From 1984 to 1992, Summers worked in the archives at the Tribune, curiously located in the sports department.
“It was wild,” she said. “I loved those guys, they were just a hoot.”
While a newsroom seems like another planet compared to a school library, Summers said they’re actually not so different.
“Reporters on deadline, wanting some information right now, are just like junior high school students who haven’t prepared far enough in advance,” she said.
After the Tribune, Summers moved back to public school libraries in a paraprofessional position at Hickman.
“I was frustrated because, at that point, they weren’t quite ready to spend the big chunk of money it would take to automate,” Summers said. “The head of the library encouraged me to get involved with online resources for the kids to use and the teachers to use with their kids,” at Hickman.
At the time, Listserv and the VERONICA search engine, an acronym for the Very Easy, Rodent-Oriented, Net-wide Index to Computerized Archives were used to conduct research and find information.
“The World Wide Web changed everything,” she said. “All the ways we use the internet. There were things people would do, for example going through email, you would be able to communicate with another teacher and that teacher’s class for some project. It was fun, and it was exciting.”
While the method of finding information has changed since 1975, helping children with their research has not. Summers not only cataloged books, but she also taught children how to conduct research effectively and safely. These skills will prove useful for the rest of their lives, she said.
Eleven years since her retirement in 2011, Summers is willing to let others take the reins for finding new and innovating information systems. She’s happy to be in the room where it happens, and she offers sage wisdom when necessary.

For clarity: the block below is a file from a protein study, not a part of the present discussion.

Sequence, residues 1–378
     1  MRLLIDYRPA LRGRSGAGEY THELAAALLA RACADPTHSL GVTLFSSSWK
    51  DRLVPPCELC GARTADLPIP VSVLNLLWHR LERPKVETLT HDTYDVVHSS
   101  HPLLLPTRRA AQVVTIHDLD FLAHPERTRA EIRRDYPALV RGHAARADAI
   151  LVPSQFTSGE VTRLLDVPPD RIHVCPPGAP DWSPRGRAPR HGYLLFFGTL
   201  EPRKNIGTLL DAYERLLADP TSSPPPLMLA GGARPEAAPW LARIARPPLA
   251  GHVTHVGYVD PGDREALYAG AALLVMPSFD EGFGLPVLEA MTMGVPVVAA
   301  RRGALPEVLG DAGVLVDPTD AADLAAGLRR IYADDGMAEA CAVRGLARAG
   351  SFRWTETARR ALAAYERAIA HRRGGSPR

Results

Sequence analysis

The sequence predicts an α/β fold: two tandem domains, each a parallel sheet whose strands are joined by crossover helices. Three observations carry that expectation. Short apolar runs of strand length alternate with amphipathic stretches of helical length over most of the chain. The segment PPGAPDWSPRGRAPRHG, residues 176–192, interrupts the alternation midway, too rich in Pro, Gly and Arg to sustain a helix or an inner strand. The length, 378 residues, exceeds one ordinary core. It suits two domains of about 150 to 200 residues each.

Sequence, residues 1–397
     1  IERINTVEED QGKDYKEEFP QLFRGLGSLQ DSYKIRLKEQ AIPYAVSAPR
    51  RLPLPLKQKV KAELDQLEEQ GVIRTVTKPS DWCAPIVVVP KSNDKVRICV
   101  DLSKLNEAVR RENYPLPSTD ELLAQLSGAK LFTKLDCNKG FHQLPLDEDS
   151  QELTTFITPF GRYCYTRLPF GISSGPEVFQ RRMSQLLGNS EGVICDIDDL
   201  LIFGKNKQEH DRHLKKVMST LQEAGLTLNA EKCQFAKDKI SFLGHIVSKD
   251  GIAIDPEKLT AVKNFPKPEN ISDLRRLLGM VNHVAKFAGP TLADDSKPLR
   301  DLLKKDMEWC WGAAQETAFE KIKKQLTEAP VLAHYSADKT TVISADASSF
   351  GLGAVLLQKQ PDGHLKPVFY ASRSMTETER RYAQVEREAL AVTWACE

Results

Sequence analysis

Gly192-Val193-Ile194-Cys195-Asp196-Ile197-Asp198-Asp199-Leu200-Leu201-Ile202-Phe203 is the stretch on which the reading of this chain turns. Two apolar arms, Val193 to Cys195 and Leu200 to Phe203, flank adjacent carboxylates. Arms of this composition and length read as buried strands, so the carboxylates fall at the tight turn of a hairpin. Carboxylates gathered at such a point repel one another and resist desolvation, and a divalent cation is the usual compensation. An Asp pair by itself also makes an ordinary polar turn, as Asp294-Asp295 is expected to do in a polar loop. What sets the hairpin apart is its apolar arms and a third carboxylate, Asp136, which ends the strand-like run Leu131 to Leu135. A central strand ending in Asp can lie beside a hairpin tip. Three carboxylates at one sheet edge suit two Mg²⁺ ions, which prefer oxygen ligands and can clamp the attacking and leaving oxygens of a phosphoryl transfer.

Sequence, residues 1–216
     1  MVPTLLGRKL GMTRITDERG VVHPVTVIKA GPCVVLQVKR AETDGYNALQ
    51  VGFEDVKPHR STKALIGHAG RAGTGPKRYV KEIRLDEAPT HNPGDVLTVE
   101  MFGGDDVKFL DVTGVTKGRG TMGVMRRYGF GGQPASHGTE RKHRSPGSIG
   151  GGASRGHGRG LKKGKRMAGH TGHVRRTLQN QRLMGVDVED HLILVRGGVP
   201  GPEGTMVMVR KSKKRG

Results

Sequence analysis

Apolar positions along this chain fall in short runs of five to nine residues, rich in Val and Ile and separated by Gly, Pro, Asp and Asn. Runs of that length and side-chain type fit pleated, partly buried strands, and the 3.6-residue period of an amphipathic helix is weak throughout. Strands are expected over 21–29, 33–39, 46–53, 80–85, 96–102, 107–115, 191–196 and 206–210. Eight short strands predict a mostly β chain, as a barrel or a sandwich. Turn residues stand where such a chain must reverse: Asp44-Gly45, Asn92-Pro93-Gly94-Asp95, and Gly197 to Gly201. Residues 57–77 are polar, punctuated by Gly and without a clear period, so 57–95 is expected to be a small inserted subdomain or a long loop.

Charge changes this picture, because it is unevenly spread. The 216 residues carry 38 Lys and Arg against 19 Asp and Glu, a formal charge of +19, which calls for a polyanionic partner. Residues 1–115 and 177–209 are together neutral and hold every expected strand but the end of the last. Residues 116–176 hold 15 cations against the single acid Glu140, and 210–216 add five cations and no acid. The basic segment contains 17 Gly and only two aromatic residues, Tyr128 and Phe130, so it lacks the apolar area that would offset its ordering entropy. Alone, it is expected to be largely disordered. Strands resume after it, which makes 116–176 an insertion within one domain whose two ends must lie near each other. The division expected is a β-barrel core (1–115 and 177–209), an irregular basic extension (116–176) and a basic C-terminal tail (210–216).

Julie Ryan, Hickman High School’s library media center clerk, said Summers’ advice has been invaluable.
“I think what’s so neat about Jan is that she always wants to learn about new trends and new technologies, but she also understands what her knowledge contributes to what we need to know now, too,” Ryan said.
Ryan is working toward a master’s degree in library science and often asks Summers about the vast organizational and institutional knowledge she possesses.
“Jan has been such a wealth of knowledge and information to put some context into the things we do as librarians, and things that have changed or shifted as time has gone on,” Ryan said.
When she’s not at the library, Summers provides piano accompaniment for the school choirs and serves as president of the Missouri Gymnastics Booster Club. The club coordinates events and raises funds for Tiger gymnasts in competition.
Summers and her husband have followed MU gymnastics for 34 years and go to all of their meets.
“It’s very true — old dogs, new tricks — it’s really hard,” Summers said. “And if you have to change your whole perspective on (technology), give yourself some grace. Don’t be afraid of it, ask for help.”